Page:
Today is a special day – my 69th birthday. Since I am a guy who has always been obsessed with numbers and statistics, I thought I would mark this day by calculating how long I have been alive on this earth – since my birth, not my conception!
Here are the stats on how much time has passed since my birth on the last day of April, 1946:
I have been alive for 25,202 days.
I have been alive for 604,848 hours.
I have been alive for 36,290,880 minutes.
I have been alive for 2,177,452,800 seconds.
Sure hope I get another 25,000 days, although I may need a bib and adult Depends!
I officially “checked in” at 11:07 a.m. on April 30, 1946. My relatives have always joked that I must be a born gambler because of the seven-come-11 implications of my exact birth time, although they are wrong. I have a “house” mentality and never gamble on anything. I’d rather profit off of gamblers.
The official location of my check-in was the Syracuse New York General Hospital. My parents were renting a one-bedroom apartment in downtown Syracuse, not far from the hospital. About 10 years ago while we were visiting some sites in Syracuse, I decided to satisfy my natural curiosity and drove down to the intersection where the hospital had been located. The building was still there, more than 50 years later, although it is now a nursing home. Everybody, including my wife Linda, laughed at that. But I got her back when we were driving through the “busy metropolis” of Warsaw, N.Y. Our grandson Chris was on the trip with us and I pointed out the car window at the building that had been Wyoming County Community Hospital on the day Linda was born, six weeks after me. “Gram, were you really born in a furniture store?” Christopher shouted. She looked over and glowered at me – man, was I on her shit list. “No, Chris, it was the county hospital then. But that was way back in 1946. It has long since been Zeches Furniture Store.”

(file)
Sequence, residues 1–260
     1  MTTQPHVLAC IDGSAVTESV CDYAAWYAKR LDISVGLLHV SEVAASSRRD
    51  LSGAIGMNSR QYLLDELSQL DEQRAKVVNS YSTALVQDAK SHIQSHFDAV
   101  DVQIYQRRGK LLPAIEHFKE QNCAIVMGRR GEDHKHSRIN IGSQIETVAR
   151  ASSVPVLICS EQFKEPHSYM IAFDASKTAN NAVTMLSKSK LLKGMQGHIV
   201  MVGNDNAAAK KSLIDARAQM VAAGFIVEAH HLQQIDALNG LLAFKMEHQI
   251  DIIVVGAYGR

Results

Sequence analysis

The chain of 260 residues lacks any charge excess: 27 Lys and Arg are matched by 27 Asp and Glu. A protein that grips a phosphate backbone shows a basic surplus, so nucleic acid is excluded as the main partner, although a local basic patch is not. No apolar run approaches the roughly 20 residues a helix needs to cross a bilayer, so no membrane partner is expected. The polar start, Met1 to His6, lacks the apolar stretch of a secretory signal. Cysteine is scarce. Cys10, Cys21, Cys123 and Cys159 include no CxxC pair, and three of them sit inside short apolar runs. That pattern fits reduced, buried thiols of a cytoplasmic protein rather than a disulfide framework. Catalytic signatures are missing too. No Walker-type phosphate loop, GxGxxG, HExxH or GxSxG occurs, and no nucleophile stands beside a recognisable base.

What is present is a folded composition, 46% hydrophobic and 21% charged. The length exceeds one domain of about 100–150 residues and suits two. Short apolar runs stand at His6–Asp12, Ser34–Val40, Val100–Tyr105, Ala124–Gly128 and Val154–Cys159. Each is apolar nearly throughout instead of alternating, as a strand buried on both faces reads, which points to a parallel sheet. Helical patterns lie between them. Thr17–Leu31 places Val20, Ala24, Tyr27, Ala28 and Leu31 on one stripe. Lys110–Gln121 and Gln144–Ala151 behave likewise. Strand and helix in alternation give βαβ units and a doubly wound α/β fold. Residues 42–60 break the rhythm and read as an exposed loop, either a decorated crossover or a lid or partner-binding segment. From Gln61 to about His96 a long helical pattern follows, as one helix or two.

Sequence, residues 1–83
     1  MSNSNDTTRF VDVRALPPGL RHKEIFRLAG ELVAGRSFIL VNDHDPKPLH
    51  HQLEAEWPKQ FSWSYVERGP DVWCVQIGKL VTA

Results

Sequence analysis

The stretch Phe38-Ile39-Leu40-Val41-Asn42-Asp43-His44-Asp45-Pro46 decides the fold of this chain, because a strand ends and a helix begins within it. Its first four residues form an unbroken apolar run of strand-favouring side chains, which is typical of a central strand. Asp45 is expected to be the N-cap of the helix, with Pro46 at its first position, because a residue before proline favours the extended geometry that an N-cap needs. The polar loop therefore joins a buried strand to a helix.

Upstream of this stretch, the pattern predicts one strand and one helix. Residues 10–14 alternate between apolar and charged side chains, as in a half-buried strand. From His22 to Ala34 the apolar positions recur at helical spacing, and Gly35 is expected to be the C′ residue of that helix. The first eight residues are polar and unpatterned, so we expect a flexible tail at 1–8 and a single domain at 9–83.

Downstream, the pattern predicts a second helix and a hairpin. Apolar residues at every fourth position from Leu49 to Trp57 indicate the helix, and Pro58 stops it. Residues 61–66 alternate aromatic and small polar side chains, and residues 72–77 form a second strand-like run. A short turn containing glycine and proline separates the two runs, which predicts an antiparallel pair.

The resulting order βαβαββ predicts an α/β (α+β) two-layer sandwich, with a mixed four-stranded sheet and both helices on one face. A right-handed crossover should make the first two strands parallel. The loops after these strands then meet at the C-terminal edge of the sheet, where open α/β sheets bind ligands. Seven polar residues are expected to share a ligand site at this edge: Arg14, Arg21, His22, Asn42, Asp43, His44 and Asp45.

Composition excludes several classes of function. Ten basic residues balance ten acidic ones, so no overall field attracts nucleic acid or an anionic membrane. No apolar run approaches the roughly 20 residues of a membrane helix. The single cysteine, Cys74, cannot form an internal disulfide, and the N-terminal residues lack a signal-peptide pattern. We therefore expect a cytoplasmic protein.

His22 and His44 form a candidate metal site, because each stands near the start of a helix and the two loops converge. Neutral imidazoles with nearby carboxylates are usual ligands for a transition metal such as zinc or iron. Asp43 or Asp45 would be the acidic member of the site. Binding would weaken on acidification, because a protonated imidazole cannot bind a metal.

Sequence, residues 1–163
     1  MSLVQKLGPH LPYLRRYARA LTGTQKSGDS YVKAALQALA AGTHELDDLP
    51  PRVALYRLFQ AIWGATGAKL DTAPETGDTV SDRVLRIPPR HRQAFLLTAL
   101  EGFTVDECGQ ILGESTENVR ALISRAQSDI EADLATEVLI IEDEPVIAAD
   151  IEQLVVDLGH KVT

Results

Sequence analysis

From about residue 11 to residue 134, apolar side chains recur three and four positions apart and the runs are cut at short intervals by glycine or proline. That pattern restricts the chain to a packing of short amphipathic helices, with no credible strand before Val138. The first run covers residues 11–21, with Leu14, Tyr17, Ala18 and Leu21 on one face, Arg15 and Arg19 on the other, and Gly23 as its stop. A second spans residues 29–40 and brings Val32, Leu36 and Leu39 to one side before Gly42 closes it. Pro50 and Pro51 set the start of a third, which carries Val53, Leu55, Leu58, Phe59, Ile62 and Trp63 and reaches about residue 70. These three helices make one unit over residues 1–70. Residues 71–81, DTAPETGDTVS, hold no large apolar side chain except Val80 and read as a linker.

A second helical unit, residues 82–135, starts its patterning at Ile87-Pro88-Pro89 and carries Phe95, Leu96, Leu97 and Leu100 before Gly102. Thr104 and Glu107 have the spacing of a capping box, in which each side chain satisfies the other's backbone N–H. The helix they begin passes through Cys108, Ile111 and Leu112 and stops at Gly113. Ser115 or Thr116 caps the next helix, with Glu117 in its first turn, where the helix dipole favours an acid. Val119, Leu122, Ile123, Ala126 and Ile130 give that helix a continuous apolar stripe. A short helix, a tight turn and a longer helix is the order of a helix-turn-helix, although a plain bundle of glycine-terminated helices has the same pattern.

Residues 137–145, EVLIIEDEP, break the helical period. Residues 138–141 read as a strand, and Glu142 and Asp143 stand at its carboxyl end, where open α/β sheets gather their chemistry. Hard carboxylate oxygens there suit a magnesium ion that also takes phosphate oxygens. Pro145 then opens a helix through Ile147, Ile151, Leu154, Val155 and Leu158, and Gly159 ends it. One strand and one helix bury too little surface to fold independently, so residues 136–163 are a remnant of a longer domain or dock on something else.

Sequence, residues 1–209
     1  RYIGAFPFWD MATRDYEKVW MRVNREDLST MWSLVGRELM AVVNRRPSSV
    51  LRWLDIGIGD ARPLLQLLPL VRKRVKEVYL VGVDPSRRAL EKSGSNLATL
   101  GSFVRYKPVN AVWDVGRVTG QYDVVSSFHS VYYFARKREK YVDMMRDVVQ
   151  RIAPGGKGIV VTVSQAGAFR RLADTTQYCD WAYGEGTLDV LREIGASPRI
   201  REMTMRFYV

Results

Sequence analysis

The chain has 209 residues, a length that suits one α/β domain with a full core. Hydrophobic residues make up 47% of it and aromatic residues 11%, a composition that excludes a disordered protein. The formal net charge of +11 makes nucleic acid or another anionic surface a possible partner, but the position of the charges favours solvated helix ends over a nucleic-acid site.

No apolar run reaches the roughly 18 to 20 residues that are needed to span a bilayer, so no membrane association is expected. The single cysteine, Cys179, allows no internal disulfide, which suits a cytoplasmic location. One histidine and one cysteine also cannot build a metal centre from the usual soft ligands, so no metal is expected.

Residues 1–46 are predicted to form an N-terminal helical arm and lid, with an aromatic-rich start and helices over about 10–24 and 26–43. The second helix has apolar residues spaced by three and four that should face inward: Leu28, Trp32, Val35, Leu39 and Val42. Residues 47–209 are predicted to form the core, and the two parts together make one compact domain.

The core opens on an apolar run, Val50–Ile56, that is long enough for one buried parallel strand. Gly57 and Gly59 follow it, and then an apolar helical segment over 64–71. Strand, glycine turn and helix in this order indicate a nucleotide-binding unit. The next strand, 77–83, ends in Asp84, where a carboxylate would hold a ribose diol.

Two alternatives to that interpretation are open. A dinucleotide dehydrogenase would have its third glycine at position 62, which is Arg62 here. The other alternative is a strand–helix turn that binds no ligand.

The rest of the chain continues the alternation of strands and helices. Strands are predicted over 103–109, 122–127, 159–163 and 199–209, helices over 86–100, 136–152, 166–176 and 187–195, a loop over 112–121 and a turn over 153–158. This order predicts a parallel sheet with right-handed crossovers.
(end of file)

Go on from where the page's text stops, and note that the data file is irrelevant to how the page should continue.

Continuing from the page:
My cousin George Scipione was born only five days after me, thereby ending the long stretch of years with only female offspring born into the Scipione family. Hey, we are talking about a “traditional” Italian family where male offspring are especially coveted. George and I kind of figured out that both our conceptions must have been celebratory, because the nine month gestation period went back to the day when the United States ended World War II by dropping the atomic bomb on Hiroshima. We must be at least metaphorically related to famed physicists Enrico Fermi and Emilio Segre!